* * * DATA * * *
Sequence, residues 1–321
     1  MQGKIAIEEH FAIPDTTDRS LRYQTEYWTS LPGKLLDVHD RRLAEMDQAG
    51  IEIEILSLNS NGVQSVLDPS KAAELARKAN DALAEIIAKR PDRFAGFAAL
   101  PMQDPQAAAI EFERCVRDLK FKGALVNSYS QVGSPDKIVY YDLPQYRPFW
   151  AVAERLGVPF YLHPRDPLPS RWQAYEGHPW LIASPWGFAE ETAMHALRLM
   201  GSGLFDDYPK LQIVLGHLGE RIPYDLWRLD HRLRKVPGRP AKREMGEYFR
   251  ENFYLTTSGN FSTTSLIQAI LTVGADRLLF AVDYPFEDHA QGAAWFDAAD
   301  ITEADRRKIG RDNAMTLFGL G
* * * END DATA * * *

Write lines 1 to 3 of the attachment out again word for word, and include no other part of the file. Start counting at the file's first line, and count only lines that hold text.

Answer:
Sequence, residues 1–321
     1  MQGKIAIEEH FAIPDTTDRS LRYQTEYWTS LPGKLLDVHD RRLAEMDQAG
    51  IEIEILSLNS NGVQSVLDPS KAAELARKAN DALAEIIAKR PDRFAGFAAL